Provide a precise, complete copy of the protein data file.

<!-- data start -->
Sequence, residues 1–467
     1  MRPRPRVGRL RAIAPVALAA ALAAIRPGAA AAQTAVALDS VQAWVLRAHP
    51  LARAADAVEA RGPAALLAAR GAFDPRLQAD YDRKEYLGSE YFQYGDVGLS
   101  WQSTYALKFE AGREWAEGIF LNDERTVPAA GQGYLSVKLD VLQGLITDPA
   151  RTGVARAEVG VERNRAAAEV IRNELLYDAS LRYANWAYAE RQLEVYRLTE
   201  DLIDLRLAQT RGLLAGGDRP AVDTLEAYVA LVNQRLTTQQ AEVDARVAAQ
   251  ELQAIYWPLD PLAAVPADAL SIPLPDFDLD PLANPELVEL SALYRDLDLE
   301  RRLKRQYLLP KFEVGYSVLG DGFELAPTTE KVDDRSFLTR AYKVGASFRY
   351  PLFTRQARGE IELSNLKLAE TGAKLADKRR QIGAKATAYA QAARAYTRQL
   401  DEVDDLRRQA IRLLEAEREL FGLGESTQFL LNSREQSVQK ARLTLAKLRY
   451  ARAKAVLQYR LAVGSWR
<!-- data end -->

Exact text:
Sequence, residues 1–467
     1  MRPRPRVGRL RAIAPVALAA ALAAIRPGAA AAQTAVALDS VQAWVLRAHP
    51  LARAADAVEA RGPAALLAAR GAFDPRLQAD YDRKEYLGSE YFQYGDVGLS
   101  WQSTYALKFE AGREWAEGIF LNDERTVPAA GQGYLSVKLD VLQGLITDPA
   151  RTGVARAEVG VERNRAAAEV IRNELLYDAS LRYANWAYAE RQLEVYRLTE
   201  DLIDLRLAQT RGLLAGGDRP AVDTLEAYVA LVNQRLTTQQ AEVDARVAAQ
   251  ELQAIYWPLD PLAAVPADAL SIPLPDFDLD PLANPELVEL SALYRDLDLE
   301  RRLKRQYLLP KFEVGYSVLG DGFELAPTTE KVDDRSFLTR AYKVGASFRY
   351  PLFTRQARGE IELSNLKLAE TGAKLADKRR QIGAKATAYA QAARAYTRQL
   401  DEVDDLRRQA IRLLEAEREL FGLGESTQFL LNSREQSVQK ARLTLAKLRY
   451  ARAKAVLQYR LAVGSWR